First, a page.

As you file paperwork with the court, you must complete proof of service by having the paperwork legally served on your spouse. You can accomplish this by mailing the papers through regular mail or using certified mail or a sheriff to serve the action. If these measures don’t work, you can use service by publication.
Your spouse will then have 20 days to file an answer with the court. If they don’t comply, you can seek a default judgment.
There is a 60-day waiting period in Maine. After that, if your divorce is not contested, a judge may sign your final paperwork and you will be divorced. If not, you may need to go through mediation or litigation to complete your case.
In some cases, when you can’t reach agreement after a period of time, you may have to go to trial to resolve your issues. The judge will listen to testimony and review evidence, and then decide issues on your behalf.
FAQs About Getting a Divorce in Maine
How much does it cost to file for a divorce in Maine?
The filing fee in Maine is $120. You may have an additional fee of $25-$50 if you need to complete proof of service using a sheriff.
Read: How Much Does Divorce Cost
Can divorce fees be waived?
In some cases, if you can prove you are indigent, your fees will be waived. To seek a waiver, file a Form CV-067, Application to Proceed Without Payment of Fees, and a CR-032, Indigency Affidavit.
Can I file for divorce online?
No. You must file your paperwork in person at your county courthouse.
However, you can start your paperwork using an online service.
Our favorite resource for a fast and effective online divorce is: 3 Step Divorce.
3 Step Divorce checks all the boxes that make an online divorce worthwhile.
They aim to make it easy – and they certainly deliver.
From step-by-step instructions to unlimited live support, here are just a few of the reasons why 3 Step is our #1 recommended online divorce resource:
- $299 flat-fee with no hidden charges
- Monthly payment options as low as $84/mo
- Initial questionnaire takes less than 1 hour
- Library of free tools and resources
- Unlimited access to support agents by phone or email
- Immediate access to completed forms
- Assurance of 100% court-approval (or your money back!)
3 Step Divorce also boasts the highest customer rating in the industry (4.6 stars based on 1,575 reviews).
You can learn more by reading our 3StepDivorce review.
Better yet, you can Start Your 3 Step Divorce NOW (as low as $84/month).
Can I file for divorce without a lawyer?
Yes. You do not need an attorney in Maine to handle your divorce case. Many people go this route when filing an uncontested divorce.
What are the residency requirements for getting a divorce in Maine?
Either you or your spouse must have lived in Maine for six months immediately preceding when you file for divorce.
How long does it take to get a divorce in Maine? What is the timeline?
After you file paperwork, there is a minimum 60 day waiting period before your case can be heard by the court. It often takes longer due to case backlogs and availability of judges.
Contested divorces take much longer, perhaps several months or up to two years, depending on the level of animosity and complexity of your issues.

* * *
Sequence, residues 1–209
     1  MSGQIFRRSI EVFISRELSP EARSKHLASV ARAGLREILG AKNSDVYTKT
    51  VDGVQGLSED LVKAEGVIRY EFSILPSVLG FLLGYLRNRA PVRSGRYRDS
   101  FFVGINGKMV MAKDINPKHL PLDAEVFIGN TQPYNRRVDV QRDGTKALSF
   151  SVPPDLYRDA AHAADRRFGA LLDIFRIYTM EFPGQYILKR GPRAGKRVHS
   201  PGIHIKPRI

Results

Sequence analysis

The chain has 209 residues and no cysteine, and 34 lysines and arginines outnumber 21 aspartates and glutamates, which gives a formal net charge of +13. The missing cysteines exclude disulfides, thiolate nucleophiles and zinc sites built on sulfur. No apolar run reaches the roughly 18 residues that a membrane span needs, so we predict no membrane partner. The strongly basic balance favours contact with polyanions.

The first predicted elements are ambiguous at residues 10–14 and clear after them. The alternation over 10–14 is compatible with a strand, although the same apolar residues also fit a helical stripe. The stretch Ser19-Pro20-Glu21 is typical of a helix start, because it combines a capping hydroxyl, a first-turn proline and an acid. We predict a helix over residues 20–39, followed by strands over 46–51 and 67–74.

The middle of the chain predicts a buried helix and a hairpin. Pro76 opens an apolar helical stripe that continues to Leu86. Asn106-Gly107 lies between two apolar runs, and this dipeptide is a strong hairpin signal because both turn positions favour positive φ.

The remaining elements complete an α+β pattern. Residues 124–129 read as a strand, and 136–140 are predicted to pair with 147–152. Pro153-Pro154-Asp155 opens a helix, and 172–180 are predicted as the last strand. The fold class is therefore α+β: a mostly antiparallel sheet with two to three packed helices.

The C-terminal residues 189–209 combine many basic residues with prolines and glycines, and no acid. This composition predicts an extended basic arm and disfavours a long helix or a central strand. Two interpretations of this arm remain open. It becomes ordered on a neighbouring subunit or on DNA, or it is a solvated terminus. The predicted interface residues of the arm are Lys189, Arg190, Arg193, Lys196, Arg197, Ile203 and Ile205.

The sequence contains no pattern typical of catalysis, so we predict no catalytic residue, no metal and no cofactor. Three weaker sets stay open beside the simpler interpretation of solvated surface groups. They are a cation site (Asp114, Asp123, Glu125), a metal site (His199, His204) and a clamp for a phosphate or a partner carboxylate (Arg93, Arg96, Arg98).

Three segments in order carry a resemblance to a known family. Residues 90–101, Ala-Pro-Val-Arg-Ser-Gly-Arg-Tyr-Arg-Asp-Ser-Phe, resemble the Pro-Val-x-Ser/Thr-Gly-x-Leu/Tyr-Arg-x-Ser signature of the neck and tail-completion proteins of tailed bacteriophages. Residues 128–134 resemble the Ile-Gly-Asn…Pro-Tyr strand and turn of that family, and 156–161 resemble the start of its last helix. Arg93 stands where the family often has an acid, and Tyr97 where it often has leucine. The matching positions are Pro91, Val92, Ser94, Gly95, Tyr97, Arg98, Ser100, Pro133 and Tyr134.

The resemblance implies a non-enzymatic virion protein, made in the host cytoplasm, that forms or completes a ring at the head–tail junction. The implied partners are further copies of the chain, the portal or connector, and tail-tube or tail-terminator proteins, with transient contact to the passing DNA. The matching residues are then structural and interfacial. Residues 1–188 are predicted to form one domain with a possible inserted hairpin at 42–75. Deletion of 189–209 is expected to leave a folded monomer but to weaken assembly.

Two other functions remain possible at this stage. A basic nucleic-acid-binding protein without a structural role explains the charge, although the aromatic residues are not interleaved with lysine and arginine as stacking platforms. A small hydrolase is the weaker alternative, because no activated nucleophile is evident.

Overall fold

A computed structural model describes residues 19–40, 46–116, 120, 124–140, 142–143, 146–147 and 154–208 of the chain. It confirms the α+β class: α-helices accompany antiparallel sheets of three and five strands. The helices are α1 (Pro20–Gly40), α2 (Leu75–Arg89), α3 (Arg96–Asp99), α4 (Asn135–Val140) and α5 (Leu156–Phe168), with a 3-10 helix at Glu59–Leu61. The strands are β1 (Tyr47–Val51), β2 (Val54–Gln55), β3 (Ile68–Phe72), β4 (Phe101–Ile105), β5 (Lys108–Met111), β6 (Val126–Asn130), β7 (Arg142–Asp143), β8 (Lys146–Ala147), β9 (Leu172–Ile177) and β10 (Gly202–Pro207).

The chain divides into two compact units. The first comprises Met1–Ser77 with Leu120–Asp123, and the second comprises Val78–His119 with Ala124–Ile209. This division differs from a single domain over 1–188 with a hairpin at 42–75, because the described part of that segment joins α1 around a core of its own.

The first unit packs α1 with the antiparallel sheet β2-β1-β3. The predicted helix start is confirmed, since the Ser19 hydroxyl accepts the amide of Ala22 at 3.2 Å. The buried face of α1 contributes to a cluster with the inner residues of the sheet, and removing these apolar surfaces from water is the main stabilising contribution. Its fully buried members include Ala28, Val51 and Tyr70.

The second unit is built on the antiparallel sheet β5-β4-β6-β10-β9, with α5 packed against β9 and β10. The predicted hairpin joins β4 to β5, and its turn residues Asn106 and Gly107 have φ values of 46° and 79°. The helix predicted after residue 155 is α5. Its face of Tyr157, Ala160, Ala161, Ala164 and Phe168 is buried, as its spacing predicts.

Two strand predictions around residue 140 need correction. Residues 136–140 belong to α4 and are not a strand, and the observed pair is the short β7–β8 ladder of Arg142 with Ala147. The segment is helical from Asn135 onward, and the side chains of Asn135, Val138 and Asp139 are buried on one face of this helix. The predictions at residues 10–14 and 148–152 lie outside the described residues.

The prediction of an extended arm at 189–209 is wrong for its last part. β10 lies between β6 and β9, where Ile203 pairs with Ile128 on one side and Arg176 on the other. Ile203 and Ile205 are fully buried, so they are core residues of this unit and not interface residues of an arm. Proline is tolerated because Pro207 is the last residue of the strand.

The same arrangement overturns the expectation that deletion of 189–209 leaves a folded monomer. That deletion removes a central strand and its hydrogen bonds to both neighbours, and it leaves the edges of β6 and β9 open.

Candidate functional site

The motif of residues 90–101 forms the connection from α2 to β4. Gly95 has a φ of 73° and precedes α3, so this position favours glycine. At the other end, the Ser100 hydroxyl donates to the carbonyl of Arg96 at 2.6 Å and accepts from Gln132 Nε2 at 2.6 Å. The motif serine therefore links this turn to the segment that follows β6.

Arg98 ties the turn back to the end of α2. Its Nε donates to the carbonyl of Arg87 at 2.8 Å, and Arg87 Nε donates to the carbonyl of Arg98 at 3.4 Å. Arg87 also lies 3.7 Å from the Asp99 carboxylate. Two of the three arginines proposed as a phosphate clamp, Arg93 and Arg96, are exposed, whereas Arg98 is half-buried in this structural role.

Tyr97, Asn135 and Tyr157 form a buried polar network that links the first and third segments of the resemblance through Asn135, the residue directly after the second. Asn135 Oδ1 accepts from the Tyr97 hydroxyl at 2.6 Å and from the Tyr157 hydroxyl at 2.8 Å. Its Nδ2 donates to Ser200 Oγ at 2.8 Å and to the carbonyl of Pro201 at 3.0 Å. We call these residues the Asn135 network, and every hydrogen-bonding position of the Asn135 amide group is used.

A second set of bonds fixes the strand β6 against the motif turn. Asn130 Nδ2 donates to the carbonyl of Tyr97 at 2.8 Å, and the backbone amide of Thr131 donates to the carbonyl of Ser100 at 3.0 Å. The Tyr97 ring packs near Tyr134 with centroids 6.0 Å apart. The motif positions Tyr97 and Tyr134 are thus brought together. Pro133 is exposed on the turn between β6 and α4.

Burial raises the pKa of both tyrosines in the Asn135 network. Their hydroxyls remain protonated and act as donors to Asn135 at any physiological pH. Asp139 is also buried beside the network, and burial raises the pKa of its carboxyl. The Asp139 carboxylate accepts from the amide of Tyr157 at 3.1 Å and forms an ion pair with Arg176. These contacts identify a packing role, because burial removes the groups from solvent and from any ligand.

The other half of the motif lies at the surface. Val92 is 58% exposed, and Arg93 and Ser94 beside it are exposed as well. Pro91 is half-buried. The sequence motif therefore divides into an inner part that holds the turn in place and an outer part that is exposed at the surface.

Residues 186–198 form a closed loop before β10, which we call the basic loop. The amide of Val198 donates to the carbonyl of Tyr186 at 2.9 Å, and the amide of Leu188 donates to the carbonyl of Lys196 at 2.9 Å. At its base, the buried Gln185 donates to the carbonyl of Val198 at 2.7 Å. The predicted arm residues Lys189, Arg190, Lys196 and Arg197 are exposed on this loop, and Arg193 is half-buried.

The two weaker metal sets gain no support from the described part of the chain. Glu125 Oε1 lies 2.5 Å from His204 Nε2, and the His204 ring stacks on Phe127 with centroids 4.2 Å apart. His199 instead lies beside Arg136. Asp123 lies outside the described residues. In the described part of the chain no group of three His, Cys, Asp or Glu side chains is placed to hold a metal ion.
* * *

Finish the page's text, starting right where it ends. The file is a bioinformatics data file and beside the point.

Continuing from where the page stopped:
Can I file for divorce in Maine while I am pregnant?
You can file for divorce in Maine while you’re pregnant, but most judges will not allow a divorce to be finalized until after the baby is born. This makes it easier to handle issues such as child support, custody and visitation.
In some cases, paternity will need to be established before clear rulings can take place. This may require genetic testing or other similar means to clarify parenthood.
If I’m in the military, how does that affect filing for divorce?
An active duty spouse must be personally served with divorce paperwork for a Maine court to have jurisdiction over the service member. In an uncontested case, the active duty spouse can sign a waiver affidavit acknowledging the divorce action instead.
A spouse or the military member must either live in Maine or be stationed in Maine for state jurisdiction to preside over the divorce.
The grounds for a military divorce are the same as they are for civilian divorces.
Also, pursuant to the Servicemembers’ Civil Relief Act, and the Uniformed Services Former Spouses’ Protection Act (USFSPA) of 1982, active-duty members are afforded certain protections.
For example, a military spouse can request a delay in divorce proceedings so that his or her military duties are not impacted. Legal action can be delayed when he or she is on active duty plus 60 days beyond the end of his or her enlistment.
The USFSPA also governs how military pensions are disbursed and whether or not a former military spouse has full medical and commissary privileges.
Pursuant to USFSPA, the federal government will not divide any of the military member’s retirement to the spouse unless they have been married 10 years or longer while the member has been active duty military.
Also, child and alimony support payments can’t exceed 60% of a military member’s pay and allowances. Otherwise, normal child support guidelines are used.
Looking for more great tips about divorce? Check out some of our most popular resources:
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- A Beginner’s Guide to Divorce Mediation
- A Guide to Expert Witnesses in Divorce
- 29 Warning Signs That Your Marriage is in Trouble